Free-flowing air more important than ever in rural schools with older HVAC systems

Edward J. Naughton
St. John News
Old parts and outdated air conditioning system fails at USD 350 and students got to stay home for a day last week while the unit was fixed.

Josh Meyer, superintendent and elementary principal of USD 350, St. John, has been busy for the usual reasons this school year, but now besides just the usual academics and administration of the district, both he and the USD 350 school building maintenance supervisor are dealing with HVAC problems in the main school building.

The repairs that became essential to getting the air blowing cold again, with the attendant proper ventilation, necessitated closure of the school district's normal operations for a full day on August 25th.

Once everything was done to repair the HVAC plant to usual operations and it checked out safely on the evening of August 25th, the parents were informed that they could comfortably and safely return their children to school at the usual time on August 26th with cooling and ventilation to the building once again restored to full capacity.

Many students visited the Ida Long Goodman library in St. John right next door to the school to do some reading work and check out books, while they were off from their normal school day when the HVAC system was shut down in the main school building for a full day.

Meyer said, "One part of the chiller malfunction was successfully addressed with repair effected and replacement part installed on Wednesday, August 25th." 

The students returned to class the day after interim repairs were completed and the system was checked for safety and for proper functionality by the contracted air conditioning specialists.

Meyer said, "The main school building was constructed in 1939." He said that there have been several building renovations over the years, with the usual maintenance and repairs completed periodically since the building opened in the late 1930s.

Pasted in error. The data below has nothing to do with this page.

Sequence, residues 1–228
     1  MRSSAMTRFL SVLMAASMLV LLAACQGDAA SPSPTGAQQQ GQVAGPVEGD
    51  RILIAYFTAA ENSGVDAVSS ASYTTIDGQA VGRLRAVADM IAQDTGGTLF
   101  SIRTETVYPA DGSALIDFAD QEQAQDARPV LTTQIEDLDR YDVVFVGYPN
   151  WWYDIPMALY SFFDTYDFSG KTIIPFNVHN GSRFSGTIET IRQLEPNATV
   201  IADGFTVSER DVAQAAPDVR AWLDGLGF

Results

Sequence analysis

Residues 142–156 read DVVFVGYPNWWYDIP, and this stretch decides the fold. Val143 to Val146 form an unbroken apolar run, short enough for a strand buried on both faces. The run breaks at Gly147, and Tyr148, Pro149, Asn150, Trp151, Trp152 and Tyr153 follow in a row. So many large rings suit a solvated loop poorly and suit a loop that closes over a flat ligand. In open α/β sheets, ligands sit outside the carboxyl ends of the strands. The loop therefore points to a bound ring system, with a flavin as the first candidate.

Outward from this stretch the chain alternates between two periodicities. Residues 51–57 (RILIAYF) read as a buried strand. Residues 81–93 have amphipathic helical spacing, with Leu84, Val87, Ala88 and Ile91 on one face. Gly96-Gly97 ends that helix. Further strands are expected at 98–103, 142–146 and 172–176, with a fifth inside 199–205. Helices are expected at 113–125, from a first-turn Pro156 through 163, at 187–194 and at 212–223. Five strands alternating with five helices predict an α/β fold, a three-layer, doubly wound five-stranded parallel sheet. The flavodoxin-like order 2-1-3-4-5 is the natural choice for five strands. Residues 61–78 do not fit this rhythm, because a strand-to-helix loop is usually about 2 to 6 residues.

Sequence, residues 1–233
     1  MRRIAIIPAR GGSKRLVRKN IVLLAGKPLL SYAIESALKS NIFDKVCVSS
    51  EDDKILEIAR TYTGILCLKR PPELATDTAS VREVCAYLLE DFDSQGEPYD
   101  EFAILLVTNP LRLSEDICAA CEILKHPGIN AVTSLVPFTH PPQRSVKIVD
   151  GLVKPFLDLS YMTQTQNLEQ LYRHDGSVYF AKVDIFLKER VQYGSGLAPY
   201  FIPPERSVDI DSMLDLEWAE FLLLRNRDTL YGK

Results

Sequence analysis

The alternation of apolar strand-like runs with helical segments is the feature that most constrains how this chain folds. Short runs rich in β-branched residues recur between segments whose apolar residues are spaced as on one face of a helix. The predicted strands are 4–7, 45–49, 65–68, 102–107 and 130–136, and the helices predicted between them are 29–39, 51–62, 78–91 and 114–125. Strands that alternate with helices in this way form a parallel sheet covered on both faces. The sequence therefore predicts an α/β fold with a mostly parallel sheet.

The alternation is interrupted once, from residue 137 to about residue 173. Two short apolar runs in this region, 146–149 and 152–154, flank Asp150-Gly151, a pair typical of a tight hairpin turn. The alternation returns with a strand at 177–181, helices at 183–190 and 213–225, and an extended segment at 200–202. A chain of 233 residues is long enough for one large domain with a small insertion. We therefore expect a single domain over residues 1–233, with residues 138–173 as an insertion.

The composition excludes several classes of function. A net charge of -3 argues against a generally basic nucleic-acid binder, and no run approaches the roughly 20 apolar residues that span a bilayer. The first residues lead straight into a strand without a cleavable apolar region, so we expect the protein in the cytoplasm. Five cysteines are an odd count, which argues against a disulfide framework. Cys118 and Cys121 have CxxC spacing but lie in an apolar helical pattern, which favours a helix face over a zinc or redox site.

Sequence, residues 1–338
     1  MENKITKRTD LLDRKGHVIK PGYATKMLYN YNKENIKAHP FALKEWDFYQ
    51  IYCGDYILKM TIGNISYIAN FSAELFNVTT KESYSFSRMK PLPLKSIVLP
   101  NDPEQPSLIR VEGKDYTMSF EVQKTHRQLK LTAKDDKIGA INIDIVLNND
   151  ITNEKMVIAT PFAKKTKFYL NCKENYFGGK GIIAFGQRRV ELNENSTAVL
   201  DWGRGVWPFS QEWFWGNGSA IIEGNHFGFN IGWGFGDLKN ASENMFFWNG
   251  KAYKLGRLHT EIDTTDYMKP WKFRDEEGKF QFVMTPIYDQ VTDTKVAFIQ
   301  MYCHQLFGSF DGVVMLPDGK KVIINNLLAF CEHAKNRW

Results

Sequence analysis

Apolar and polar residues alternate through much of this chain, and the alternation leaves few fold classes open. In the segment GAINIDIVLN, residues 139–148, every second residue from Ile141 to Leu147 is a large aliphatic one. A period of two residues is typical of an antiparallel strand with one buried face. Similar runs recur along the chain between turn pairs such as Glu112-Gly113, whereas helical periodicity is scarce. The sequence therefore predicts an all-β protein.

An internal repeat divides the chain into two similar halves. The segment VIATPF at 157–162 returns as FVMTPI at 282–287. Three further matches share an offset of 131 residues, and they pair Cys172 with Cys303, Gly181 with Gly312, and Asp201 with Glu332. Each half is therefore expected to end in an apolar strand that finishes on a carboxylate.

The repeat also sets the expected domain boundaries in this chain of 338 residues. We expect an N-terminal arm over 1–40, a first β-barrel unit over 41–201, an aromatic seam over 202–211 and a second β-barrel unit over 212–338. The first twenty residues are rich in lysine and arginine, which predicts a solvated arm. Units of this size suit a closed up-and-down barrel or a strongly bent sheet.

School again resumed once again normally on Thursday, August 26th, and everything is going well in the district from all appearances, but of course there is at least one more repair with the attendant part replacement needed because this chiller in question is a dual operating system, according to Meyer.

So at least one more part replacement is needed to close the loop for maximum safe efficiency of operations inherent to the second part of the chiller in the HVAC plant, which repair is scheduled for a to-be-determined date the week of August 30, 2021.

Good maintenance of the plant is critical to the daily function of the school system in St. John, especially when hundreds of students, dozens of teachers and administration personnel, rely heavily on proper cooling and ventilation in their school buildings to help limit risk of exposure in respect to any concern they may have for either airborne contaminants in general, or given the possibility of person-to-person airborne transmissibility of disease in the era of COVID pandemic.

Especially given COVID precautions necessary under the newly instituted federally regulated guidelines that call for school districts to develop their own particular plan of implementation of those guidelines in regards to students, staff, and visitors to their schools, not to mention the nearby library, vigilance against the possibility of infectious outbreaks among all people who use the building carry the day. 

On August 27, 2021, Meyer issued a detailed brief sheet for St. John entitled: USD 350 Covid Protocols & Expectations 2021-22 School Year. The brief sheet is very detailed as to procedures and expectations when it comes to meeting the protocol expectations and procedures.


Meyer also wrote another brief sheet which is entitled: USD 350 Plan for Safe Return to In-Person Instruction and Continuity of Services. The sheet discusses many things including masks being optional unless circumstances warrant a change. 

The extremely hot temperatures outside often reaching triple digits of course challenge any aged HVAC system especially given the long school season ahead.

Meyer said, "I am confident that given the existing plant operations in our main school, that the HVAC system we now have in place will function well once all remaining repairs and replacement parts are installed in the chiller system and safety checks conducted."